Eilish is no stranger to the criticism of her appearance. The negative comments and her own struggle with insecurities issues led Eilish to fixate on her self-image. She has been candid about the sometimes “toxic relationship” she has with her body, saying she has experienced periods of body dysmorphia, depression and self-harm over the years. She had naturally gravitated toward baggier clothes, which Eilish said has introduced problems as well.
“If I wore a dress to something, I would be hated for it. People would be like, ‘You’ve changed, how dare you do what you’ve always rebelled against?’ I’m like, ‘I’m not rebelling against anything, really.’ I can’t stress it enough. I’m just wearing what I wanna wear. If there’s a day when I’m like, ‘You know what, I feel comfortable with my belly right now, and I wanna show my belly,’ I should be allowed to do that. It’s not that I like my body now. I just think I’m a bit more OK with it.”
These days, the Los Angeles native finds herself in a much healthier state of mind and credits her mother, Maggie Baird, with convincing her not to end her own life, immediately scaling back her daughter’s performance schedule and show business-related commitments to allow more time for self-care, a move that has clearly paid off.
Karen Carpenter’s mother, Agnes, was the opposite of Maggie Baird. She was ashamed of her daughter’s eating disorder. She felt that her daughter was “going overboard” with her dieting habits and never reached out to offer any real support. Karen Carpenter once said, “I may not be in control of anything else, but I am in control of my body.” In the end, Karen lost that control, succumbing to years long abuse of laxatives, taking thyroid medicine to speed up her metabolism although she had no thyroid problems, and using ipecac syrup to induce vomiting. She had been eating, but also throwing it all up. Karen Carpenter had unknowingly dissolved her own heart muscle with the syrup.
Back in January, Billie shared a collection of photos on Instagram from a recent trip to Hawaii. The post included a shot of Billie in her bathing suit, and people had some things to say. “It was trending,” Billie said. “There were comments like, ‘I don’t like her any more because as soon as she turns 18 she’s a whore.’ Like, dude. I can’t win. I can-not win.”
On stage in Miami, Eilish addressed body-shaming and attempts to judge others for what they choose to wear: removing her t-shirt in the pre-recorded visual, she slowly sinks into a pit of black tar before disappearing beneath the surface completely. “Some people hate what I wear; some people praise it; some people use it to shame others; some people use it to shame me,” she says. “Would you like me to be smaller? Weaker? Softer? Taller? Would you like me to be quiet? Do my shoulders provoke you? Does my chest? Am I my stomach? My hips? The body I was born with — is it not what you wanted? If I wear what is comfortable, I am not a woman. If I shed the layers, I’m a slut. Though you’ve never seen my body, you still judge it and judge me for it. Why?”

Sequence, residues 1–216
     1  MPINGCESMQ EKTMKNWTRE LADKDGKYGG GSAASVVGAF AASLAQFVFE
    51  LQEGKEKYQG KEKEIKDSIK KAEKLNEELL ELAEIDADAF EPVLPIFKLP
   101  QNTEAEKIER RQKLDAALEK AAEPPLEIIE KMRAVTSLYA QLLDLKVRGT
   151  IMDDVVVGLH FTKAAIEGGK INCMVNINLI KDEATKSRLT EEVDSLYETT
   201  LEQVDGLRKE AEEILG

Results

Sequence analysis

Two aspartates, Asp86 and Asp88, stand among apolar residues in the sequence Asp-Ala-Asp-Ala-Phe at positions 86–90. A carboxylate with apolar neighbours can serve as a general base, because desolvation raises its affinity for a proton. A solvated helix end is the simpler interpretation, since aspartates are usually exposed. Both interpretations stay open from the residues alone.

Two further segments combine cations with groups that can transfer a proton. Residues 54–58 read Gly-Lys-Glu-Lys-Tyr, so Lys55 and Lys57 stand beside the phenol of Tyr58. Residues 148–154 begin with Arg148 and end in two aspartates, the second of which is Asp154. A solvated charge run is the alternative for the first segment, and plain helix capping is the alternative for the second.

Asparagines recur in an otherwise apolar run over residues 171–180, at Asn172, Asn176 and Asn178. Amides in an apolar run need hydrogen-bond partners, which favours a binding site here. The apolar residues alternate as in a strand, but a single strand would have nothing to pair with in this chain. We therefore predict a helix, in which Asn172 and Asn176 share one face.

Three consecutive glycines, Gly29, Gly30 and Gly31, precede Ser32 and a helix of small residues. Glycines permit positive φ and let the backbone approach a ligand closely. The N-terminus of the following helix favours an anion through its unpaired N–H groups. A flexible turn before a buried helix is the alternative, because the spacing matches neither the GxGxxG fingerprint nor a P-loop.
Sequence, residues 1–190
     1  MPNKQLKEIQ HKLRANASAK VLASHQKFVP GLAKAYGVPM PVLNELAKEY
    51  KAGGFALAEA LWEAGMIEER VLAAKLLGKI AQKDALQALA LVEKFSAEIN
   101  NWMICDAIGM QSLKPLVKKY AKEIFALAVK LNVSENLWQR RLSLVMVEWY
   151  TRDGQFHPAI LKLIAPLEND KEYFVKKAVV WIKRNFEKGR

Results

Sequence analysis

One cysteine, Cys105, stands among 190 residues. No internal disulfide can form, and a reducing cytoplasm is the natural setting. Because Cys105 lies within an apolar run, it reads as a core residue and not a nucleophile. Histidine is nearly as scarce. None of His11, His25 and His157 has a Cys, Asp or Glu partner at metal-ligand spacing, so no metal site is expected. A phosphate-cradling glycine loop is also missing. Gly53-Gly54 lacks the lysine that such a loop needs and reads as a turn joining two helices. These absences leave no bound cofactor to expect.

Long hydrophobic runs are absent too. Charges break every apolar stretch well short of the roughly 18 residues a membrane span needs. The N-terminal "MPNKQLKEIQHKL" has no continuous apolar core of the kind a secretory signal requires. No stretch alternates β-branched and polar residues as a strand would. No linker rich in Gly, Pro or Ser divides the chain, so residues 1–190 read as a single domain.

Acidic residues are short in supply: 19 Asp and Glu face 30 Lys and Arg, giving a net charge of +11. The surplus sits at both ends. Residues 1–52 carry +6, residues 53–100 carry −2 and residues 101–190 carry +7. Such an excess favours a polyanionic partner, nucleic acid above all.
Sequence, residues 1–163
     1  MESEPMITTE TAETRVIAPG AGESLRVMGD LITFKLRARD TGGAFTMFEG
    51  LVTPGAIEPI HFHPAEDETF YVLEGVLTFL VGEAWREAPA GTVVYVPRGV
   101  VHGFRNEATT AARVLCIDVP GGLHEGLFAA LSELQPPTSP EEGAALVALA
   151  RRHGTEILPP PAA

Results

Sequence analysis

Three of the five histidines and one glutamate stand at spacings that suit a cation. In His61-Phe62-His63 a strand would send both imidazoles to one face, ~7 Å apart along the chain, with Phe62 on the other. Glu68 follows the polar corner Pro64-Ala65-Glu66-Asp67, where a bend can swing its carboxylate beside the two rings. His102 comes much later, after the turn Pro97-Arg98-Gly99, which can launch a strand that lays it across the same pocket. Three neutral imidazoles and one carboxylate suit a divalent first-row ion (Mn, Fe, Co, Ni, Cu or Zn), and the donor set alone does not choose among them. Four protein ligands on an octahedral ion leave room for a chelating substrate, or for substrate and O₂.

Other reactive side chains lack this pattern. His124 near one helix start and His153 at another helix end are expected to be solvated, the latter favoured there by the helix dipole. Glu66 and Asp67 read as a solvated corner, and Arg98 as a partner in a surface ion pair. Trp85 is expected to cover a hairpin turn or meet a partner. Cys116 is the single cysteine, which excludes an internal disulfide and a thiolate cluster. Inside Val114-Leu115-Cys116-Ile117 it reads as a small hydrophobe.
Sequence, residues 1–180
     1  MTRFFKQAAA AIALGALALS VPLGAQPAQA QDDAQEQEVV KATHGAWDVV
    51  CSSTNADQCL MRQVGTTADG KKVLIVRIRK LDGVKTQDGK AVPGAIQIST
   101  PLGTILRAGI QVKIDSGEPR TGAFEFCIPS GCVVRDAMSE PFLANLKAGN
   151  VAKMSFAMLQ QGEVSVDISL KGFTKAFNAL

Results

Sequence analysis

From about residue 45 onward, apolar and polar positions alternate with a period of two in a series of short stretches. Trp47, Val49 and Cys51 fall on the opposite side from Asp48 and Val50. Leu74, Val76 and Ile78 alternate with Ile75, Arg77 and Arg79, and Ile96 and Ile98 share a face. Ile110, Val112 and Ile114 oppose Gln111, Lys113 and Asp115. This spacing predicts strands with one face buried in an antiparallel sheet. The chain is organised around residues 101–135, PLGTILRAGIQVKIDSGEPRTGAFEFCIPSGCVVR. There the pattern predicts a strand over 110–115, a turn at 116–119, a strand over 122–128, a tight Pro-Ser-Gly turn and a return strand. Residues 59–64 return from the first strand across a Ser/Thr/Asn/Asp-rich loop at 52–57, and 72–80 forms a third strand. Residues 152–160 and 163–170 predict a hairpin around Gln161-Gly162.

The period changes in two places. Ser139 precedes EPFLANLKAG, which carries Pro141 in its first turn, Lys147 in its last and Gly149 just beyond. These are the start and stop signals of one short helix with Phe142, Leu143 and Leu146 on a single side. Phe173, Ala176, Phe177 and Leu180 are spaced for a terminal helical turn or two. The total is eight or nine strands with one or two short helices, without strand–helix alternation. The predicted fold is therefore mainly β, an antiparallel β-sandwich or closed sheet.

It’s been 50 years between Karen Carpenter’s big win at the GRAMMY Awards and Billie Eilish’s. Though neither Eilish, nor any of her fans, were even born when Karen Carpenter was alive, the two artists share an undeniable connection through the incredible pressures and unrelenting demands of success and the judgement of others. Eilish’s experiences might suggest that not much has changed, but her actions prove otherwise. While Karen Carpenter’s musical legacy can’t help but be viewed from the shadows of her struggles, we can see hope that Eilish’s future will move forward in the light. And with the continued support of her mother and brother, Eilish said she’d like to use her own experiences to pay it forward to her young fans, many of whom might be grappling with mental health concerns of their own. This was part of the reason for the video at the Miami concert.
Just before the GRAMMY winner for Album of the Year was announced, the 18-year-old Eilish could be seen at her seat mouthing, “Please don’t be me,” on camera. She then reacted by throwing her arms into the air and shouting “No” as her name was called for the award, against artists including Ariana Grande, who she said should have won. She explains that this was a moment of humility, not self-shaming.
So when we look for artists to stand up for themselves, and let their ravenous fans and critics know that their lives and their own well-being are not part of the deal, we can now look at Eilish and mouth, “Please be you.”
Right on, fight on…